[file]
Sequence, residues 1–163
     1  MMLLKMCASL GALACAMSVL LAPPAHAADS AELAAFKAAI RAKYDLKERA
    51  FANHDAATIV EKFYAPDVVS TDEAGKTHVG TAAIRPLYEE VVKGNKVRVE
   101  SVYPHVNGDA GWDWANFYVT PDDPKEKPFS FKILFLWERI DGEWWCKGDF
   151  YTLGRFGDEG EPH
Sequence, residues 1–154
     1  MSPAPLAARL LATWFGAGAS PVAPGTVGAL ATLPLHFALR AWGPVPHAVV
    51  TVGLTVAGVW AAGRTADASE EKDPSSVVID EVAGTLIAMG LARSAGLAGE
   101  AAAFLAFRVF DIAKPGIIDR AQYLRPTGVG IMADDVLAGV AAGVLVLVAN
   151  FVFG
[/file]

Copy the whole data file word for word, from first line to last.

Sequence, residues 1–163
     1  MMLLKMCASL GALACAMSVL LAPPAHAADS AELAAFKAAI RAKYDLKERA
    51  FANHDAATIV EKFYAPDVVS TDEAGKTHVG TAAIRPLYEE VVKGNKVRVE
   101  SVYPHVNGDA GWDWANFYVT PDDPKEKPFS FKILFLWERI DGEWWCKGDF
   151  YTLGRFGDEG EPH
Sequence, residues 1–154
     1  MSPAPLAARL LATWFGAGAS PVAPGTVGAL ATLPLHFALR AWGPVPHAVV
    51  TVGLTVAGVW AAGRTADASE EKDPSSVVID EVAGTLIAMG LARSAGLAGE
   101  AAAFLAFRVF DIAKPGIIDR AQYLRPTGVG IMADDVLAGV AAGVLVLVAN
   151  FVFG